Event Driven Architecture For Business
Looking at modern data-engineering works sometimes feels boring. All live-in files, code, and version control system.
There are no fancy user interfaces, complex charts, Excel manipulations, or oral decisions.
Everything is traced.
Every data computation. Every step. Every decision.
As data scientists, engineers or analysts, we often wonder how our work is used to drive decisions.
The end of the data pipeline often lives in slide decks or dashboards, but decisions beyond usually have no shapes.
Problems With Dashboard Driven Decisions
Dashboards are probably good. Not that much for business.
We are building an infinite number of dashboards like it’s the end product of any business questions. It’s not.
Dashboards grow the set of questions. They allow exploration and quick insights discovery.
But there are no traces of how people took decisions after looking at dashboards.
Furthermore, the lifecycle of dashboards is often short. Among data teams, we often hear “it will never be used at the end”. There is always back and forth between slides producers and users. It adds friction and time costs.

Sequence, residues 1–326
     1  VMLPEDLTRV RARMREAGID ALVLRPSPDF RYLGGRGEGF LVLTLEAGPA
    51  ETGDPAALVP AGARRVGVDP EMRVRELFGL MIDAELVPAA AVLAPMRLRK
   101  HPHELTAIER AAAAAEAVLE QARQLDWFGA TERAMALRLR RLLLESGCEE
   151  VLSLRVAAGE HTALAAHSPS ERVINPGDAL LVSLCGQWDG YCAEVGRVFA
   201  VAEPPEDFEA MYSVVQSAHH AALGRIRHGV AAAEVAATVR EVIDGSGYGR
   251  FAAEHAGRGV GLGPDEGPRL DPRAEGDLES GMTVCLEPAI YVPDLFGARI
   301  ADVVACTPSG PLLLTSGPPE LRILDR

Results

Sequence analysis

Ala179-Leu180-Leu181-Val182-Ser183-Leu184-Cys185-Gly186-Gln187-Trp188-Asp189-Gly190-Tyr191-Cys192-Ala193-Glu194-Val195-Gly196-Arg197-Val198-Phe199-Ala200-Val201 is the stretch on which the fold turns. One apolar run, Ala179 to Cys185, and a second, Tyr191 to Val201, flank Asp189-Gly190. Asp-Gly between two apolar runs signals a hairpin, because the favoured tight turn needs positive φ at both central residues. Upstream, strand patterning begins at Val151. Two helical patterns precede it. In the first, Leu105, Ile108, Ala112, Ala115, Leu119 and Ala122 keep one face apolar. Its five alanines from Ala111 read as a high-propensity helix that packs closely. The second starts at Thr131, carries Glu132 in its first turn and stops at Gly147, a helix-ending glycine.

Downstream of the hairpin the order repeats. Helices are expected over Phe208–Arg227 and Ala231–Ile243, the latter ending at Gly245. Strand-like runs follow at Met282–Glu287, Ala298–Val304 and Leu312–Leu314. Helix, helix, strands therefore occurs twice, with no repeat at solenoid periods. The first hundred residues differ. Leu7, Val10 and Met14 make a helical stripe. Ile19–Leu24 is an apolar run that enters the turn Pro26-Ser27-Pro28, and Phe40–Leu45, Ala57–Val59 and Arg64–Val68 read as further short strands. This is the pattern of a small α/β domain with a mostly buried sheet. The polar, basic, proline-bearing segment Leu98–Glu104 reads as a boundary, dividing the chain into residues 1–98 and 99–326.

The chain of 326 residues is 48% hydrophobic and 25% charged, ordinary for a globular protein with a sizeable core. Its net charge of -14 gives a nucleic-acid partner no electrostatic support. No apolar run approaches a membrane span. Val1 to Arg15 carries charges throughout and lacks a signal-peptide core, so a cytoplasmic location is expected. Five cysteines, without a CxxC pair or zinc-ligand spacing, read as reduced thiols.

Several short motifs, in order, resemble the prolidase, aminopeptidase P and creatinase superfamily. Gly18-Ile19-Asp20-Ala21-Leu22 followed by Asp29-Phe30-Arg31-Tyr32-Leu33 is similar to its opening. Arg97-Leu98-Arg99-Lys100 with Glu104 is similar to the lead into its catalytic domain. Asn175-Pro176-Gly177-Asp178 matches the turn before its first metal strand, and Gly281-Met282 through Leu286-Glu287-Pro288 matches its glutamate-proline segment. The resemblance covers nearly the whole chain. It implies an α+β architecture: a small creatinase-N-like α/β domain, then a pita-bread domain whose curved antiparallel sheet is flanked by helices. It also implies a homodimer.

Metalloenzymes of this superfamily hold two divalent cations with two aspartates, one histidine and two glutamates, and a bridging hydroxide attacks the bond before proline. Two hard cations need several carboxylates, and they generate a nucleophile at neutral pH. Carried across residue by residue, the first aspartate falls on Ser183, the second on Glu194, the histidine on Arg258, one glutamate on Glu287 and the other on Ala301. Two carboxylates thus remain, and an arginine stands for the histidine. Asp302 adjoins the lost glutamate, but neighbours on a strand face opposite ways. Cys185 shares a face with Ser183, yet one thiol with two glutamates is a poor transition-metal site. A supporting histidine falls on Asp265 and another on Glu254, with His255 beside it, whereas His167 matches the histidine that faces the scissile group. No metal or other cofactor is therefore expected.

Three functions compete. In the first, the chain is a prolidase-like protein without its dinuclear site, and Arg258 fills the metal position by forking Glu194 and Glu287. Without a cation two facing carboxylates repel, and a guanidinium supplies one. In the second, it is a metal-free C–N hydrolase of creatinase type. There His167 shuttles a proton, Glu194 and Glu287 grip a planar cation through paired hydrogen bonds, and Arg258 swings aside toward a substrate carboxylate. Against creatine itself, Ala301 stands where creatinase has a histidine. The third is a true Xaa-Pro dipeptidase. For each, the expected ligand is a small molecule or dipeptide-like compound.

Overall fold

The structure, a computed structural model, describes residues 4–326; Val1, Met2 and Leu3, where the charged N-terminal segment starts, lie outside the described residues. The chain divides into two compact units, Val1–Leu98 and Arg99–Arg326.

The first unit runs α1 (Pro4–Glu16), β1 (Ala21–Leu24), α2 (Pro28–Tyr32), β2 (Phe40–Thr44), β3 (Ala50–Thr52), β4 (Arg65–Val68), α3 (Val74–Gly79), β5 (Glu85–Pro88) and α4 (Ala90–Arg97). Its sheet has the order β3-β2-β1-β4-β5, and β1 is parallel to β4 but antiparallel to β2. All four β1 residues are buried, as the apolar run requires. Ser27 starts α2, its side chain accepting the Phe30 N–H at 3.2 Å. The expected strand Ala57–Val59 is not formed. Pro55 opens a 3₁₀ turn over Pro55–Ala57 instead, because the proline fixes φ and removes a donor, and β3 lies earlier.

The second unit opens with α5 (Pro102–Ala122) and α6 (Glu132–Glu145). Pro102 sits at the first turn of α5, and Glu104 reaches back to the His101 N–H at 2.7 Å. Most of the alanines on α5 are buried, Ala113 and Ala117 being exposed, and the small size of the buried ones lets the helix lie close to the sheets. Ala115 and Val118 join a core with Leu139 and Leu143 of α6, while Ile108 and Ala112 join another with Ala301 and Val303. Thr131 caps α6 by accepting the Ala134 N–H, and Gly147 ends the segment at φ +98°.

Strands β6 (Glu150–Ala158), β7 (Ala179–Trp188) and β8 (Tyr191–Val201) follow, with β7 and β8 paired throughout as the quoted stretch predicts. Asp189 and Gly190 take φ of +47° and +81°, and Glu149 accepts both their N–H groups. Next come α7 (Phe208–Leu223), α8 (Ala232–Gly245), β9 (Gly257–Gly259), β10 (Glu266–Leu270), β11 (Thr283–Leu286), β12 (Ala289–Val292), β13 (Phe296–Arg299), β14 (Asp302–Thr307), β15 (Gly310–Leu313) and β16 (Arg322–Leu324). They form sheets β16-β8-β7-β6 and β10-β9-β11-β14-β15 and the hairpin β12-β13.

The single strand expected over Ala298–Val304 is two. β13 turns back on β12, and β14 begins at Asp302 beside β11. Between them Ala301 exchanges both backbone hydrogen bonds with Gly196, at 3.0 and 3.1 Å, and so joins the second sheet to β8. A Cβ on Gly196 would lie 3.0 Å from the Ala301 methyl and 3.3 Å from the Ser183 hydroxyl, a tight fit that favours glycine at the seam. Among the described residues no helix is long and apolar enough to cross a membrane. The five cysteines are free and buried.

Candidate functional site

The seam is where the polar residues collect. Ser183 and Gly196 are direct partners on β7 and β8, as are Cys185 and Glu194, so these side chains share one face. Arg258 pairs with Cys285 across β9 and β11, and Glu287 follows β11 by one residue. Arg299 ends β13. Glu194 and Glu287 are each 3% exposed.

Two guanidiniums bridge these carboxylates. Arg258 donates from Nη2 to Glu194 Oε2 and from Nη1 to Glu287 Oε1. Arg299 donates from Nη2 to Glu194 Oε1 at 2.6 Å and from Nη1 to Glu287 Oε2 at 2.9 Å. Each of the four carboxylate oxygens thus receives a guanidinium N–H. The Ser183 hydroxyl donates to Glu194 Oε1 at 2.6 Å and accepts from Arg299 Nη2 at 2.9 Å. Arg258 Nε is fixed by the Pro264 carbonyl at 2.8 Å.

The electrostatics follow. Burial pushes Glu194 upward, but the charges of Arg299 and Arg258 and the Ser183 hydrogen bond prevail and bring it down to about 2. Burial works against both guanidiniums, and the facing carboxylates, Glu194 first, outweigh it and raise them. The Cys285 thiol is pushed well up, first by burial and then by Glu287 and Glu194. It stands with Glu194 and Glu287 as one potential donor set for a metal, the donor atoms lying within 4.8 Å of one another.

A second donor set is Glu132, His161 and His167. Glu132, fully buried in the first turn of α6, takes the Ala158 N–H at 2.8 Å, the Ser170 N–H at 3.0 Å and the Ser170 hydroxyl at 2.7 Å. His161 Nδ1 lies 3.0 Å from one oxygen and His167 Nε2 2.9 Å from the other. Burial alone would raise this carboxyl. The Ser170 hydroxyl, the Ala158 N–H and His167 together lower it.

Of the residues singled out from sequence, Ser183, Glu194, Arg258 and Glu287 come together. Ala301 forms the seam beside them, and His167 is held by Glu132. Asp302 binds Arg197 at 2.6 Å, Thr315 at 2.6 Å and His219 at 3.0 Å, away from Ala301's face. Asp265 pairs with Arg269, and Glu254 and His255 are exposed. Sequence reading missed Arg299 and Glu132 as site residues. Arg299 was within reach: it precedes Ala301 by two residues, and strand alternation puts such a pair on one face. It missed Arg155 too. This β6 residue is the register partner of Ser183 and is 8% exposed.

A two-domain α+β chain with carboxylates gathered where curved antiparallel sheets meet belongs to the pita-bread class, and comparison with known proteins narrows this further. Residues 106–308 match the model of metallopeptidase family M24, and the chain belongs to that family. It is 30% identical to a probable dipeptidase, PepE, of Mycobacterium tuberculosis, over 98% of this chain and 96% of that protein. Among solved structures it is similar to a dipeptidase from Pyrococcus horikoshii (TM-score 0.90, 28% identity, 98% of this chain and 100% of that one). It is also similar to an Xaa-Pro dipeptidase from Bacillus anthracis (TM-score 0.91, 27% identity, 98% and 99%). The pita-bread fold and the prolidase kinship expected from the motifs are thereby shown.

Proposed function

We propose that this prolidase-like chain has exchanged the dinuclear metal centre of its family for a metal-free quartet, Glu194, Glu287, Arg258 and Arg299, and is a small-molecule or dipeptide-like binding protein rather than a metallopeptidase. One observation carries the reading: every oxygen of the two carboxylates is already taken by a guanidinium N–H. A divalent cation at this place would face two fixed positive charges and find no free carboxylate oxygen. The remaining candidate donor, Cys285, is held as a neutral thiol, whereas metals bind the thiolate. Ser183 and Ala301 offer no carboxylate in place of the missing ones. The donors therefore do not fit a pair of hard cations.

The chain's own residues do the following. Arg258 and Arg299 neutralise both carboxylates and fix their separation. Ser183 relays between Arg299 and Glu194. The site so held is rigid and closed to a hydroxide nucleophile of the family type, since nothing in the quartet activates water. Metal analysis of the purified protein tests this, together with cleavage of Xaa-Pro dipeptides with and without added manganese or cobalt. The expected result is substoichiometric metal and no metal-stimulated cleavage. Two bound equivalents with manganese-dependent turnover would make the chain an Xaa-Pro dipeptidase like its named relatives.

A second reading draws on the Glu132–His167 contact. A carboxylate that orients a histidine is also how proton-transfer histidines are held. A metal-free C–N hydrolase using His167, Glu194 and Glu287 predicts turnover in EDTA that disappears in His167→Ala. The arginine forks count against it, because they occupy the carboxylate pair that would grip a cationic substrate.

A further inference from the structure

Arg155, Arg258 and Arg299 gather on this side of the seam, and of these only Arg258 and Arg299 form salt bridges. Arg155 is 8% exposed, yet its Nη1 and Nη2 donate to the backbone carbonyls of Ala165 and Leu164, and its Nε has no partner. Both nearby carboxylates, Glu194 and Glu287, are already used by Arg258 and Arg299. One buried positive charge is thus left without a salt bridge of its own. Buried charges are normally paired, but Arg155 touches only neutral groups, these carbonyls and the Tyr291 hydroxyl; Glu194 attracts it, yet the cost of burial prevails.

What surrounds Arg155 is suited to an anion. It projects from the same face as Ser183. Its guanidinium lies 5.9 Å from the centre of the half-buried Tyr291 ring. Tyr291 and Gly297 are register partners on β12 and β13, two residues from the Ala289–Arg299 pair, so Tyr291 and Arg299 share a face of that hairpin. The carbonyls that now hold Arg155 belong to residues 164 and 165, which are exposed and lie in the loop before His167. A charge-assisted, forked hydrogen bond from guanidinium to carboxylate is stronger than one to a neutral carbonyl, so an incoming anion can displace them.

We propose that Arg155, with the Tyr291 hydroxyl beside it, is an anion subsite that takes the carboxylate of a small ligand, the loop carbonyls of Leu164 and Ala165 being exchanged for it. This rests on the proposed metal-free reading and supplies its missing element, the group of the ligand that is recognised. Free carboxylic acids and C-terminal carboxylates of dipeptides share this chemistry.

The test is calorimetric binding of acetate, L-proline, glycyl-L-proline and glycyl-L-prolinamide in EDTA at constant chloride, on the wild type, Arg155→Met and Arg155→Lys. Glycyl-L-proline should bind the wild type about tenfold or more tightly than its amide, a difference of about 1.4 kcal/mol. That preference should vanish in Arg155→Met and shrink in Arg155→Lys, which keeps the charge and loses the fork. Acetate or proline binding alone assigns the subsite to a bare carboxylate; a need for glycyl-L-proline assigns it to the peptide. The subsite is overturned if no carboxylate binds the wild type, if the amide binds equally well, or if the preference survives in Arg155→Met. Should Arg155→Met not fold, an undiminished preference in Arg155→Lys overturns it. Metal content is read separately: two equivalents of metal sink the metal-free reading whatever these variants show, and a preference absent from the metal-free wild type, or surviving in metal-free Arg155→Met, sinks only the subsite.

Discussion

Self-serve analytics tools such as dashboards make it possible for anyone to extract and visualize data. Anyway, they don’t imbue their users with the skills required to make sense of data and all its complications. Serving insights as a service would be complete if we also teach business people about confounding, bias, and outliers.
Without those skills, data’s not that useful.
This is why reports or PowerPoint slides are sometimes more useful to answer business questions.
First, it’s often produced by a data analyst. It comes with more control, more data literacy and a better scope of what’s is possible or not.
Data analysts also have domain knowledge (and sometimes data analysts don’t work directly within business units…).
When released, the report can be showed to stakeholders during meetings. We can trace document updates and decisions…